With virtualization, various BSS solutions can be deployed on a common platform. This makes it easy to create tailored solutions for specific market segments.
As you can see in the diagram here, operators can expose this capability to partners, And easily enable multi-sided business models For instance operators can enable partners to build, launch and maintain their own offersThrough a ‘partner self-service’ portal, that provides secure access to the operator’s BSS environment.
By leveraging virtualization to open up their BSS environment to third parties, operators can benefit from new revenue opportunities with various type of partners including content and OTT providers but also MVNOs and enterprise customers.
Finally, the 4th key benefit of BSS virtualization is about cost optimization.
Virtualization enables operators to reduce costs by consolidating hardware on standard non proprietary hardware and by simplifying the service deployment process.
In addition, virtualization allows for optimum utilization of the hardware deployed. - For instance, multiple applications can co-exist on the same physical server - hardware no longer needs to be permanently dedicated to a specific application or purpose; this means for example that hardware that is only needed for occasional peak loads can be easily re-allocated during off peak periods.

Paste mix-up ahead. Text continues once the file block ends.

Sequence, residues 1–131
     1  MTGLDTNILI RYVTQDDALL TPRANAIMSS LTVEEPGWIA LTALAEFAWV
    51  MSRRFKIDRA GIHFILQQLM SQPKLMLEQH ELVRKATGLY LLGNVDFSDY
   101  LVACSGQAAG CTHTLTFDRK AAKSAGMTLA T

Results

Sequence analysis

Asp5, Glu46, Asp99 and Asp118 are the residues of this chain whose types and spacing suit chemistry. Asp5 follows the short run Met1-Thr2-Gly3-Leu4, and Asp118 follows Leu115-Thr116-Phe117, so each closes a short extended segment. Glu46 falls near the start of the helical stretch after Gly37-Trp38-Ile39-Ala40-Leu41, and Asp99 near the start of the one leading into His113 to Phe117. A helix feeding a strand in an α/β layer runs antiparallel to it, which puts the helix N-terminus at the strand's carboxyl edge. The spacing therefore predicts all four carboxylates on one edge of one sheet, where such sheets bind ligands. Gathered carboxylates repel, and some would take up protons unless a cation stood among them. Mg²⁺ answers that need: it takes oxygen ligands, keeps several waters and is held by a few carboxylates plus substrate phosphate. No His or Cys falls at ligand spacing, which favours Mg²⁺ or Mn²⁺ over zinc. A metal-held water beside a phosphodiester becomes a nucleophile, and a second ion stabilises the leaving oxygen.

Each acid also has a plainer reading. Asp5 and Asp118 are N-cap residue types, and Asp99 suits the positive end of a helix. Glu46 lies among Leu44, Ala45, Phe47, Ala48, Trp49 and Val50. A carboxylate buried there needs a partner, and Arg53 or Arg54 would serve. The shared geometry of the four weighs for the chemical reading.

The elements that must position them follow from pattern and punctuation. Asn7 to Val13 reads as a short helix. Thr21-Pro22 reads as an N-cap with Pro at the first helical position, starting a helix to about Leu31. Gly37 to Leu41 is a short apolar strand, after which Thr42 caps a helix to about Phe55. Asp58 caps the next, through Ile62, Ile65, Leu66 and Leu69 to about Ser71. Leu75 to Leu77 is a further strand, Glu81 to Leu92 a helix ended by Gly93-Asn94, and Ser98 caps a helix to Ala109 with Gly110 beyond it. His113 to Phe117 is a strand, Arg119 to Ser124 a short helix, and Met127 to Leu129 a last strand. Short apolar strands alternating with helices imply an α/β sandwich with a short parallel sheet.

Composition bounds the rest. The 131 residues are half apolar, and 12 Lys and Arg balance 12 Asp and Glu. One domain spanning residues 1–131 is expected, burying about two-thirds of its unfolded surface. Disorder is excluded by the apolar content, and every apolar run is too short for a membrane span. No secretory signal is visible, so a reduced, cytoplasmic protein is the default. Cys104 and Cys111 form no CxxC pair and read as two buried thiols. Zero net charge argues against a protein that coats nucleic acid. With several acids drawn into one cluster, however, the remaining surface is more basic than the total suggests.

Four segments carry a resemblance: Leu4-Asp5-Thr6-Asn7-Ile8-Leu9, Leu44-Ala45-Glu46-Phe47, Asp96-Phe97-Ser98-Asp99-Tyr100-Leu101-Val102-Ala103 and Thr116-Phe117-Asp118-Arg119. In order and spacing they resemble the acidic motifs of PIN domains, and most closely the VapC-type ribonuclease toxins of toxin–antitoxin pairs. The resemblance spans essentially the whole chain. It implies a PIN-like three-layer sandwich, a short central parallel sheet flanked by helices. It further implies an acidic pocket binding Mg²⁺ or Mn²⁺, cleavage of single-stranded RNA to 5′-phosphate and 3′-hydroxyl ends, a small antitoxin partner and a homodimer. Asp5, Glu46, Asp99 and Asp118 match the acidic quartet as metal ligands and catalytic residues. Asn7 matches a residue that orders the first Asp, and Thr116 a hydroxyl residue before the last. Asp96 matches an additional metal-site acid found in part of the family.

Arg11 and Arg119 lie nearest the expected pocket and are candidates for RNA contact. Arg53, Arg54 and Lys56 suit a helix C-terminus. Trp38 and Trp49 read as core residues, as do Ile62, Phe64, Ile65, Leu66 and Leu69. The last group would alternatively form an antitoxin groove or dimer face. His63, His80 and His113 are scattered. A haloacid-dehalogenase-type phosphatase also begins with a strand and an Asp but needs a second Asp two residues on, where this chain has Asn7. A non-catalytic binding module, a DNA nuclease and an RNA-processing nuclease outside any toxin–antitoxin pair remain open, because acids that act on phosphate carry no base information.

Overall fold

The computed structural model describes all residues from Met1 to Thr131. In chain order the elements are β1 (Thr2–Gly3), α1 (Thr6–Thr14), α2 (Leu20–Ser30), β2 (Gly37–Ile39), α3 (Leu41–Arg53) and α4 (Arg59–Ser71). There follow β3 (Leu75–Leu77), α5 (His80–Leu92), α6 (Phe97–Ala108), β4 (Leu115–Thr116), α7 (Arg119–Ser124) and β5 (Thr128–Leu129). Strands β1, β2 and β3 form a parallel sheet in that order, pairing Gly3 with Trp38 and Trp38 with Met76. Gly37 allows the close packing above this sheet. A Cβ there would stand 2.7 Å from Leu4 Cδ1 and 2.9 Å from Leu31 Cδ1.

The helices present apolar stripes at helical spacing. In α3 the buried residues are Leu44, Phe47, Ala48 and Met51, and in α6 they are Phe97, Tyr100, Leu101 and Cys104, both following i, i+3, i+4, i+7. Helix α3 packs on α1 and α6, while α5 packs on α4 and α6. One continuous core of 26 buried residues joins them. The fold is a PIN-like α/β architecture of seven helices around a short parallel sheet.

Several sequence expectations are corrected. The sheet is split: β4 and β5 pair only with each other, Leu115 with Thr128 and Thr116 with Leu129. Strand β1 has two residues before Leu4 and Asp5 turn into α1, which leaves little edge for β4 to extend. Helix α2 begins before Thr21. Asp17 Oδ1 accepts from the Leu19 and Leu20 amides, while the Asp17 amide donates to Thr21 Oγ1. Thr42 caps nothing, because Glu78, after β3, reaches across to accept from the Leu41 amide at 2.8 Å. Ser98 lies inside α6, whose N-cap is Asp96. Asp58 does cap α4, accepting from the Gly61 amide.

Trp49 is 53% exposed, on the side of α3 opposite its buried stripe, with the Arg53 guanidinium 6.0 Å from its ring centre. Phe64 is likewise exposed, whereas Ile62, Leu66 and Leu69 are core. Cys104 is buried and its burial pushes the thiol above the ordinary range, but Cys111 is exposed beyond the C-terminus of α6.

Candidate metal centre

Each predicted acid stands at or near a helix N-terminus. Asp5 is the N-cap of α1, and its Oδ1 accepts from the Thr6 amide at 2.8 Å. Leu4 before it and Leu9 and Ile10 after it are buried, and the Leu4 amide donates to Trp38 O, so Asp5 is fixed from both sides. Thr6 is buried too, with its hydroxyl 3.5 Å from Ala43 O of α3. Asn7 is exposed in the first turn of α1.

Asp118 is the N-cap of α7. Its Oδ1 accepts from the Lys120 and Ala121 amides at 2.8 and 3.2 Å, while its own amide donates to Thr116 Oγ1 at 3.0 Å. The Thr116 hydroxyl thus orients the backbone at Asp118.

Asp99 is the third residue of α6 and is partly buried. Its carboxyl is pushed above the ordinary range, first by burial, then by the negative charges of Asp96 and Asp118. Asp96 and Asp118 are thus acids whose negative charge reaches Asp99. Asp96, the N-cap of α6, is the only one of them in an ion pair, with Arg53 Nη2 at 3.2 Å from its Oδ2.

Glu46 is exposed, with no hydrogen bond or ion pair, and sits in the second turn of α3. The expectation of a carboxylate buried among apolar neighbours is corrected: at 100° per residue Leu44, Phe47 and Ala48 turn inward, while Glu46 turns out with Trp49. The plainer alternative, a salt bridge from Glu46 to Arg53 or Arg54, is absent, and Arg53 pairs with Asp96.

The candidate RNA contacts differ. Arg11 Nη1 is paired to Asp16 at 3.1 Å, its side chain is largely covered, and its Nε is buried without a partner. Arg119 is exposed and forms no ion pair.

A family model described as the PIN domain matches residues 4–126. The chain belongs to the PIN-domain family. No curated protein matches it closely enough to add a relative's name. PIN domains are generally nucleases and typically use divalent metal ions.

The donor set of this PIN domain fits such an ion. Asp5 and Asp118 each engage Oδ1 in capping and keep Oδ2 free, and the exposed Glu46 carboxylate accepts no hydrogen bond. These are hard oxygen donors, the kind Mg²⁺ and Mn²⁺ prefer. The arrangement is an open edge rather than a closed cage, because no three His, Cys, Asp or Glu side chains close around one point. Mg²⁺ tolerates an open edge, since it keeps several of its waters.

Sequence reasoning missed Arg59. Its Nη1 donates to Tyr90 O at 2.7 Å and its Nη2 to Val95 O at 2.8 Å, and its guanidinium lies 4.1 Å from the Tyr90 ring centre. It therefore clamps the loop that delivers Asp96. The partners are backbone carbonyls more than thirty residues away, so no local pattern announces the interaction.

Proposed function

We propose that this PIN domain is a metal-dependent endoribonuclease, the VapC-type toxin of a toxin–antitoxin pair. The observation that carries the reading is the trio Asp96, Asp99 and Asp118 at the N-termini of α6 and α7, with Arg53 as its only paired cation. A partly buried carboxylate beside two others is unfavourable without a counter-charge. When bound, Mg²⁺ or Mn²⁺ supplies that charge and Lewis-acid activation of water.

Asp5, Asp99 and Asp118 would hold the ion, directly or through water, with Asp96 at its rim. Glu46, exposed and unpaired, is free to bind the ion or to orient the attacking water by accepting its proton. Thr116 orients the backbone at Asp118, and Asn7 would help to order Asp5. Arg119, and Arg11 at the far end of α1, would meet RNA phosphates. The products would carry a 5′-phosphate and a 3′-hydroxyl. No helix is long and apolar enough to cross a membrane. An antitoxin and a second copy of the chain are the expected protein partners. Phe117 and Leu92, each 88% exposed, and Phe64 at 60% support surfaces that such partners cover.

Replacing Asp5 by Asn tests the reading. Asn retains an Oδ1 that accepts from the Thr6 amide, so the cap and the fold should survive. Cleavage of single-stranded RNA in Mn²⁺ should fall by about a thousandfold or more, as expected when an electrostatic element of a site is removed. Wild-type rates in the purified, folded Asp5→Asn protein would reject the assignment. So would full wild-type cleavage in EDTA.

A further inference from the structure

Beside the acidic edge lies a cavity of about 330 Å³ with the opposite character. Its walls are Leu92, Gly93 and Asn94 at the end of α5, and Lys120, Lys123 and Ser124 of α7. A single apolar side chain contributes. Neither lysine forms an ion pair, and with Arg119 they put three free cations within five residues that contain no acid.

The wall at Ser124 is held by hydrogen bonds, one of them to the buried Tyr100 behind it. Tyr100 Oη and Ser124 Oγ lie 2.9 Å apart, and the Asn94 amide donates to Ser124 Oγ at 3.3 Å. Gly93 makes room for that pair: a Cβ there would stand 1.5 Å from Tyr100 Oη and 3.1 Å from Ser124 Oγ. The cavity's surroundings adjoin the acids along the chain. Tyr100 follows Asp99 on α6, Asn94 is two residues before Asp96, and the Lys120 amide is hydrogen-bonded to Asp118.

To sum up my presentation, significant operational and cost benefits are driving more and more operators to adopt BSS virtualization and this trend is expected to grow. However, the technology only is not enough; operators need to work with BSS specialists that have the domain expertize and experience in deploying innovative solutions to fully realize the benefits of virtualization.
This is the end of my section. Thank you very much for listening, I will now hand this over to Sean.
The problem, today, is that many OSS/BSS systems, architecture and data models are proprietary and rigid. Because historically CSPs data requirements and business processes have also been proprietary and rigid.
New business models, where agility is a reality rather than a marketing buzzword, will require agile BSS systems
Many of the large network equipment providers promote operator agility on one hand and a single supplier strategy on the other
Although virtualization goes some way to addressing this scenario, by allowing operators to ‘try out’ alternative suppliers without fear of technology backlash, there is still a pervasive attitude of carriers sticking with the one-stop-shop despite openly acknowledging that specialist BSS offerings are more attractive and capable.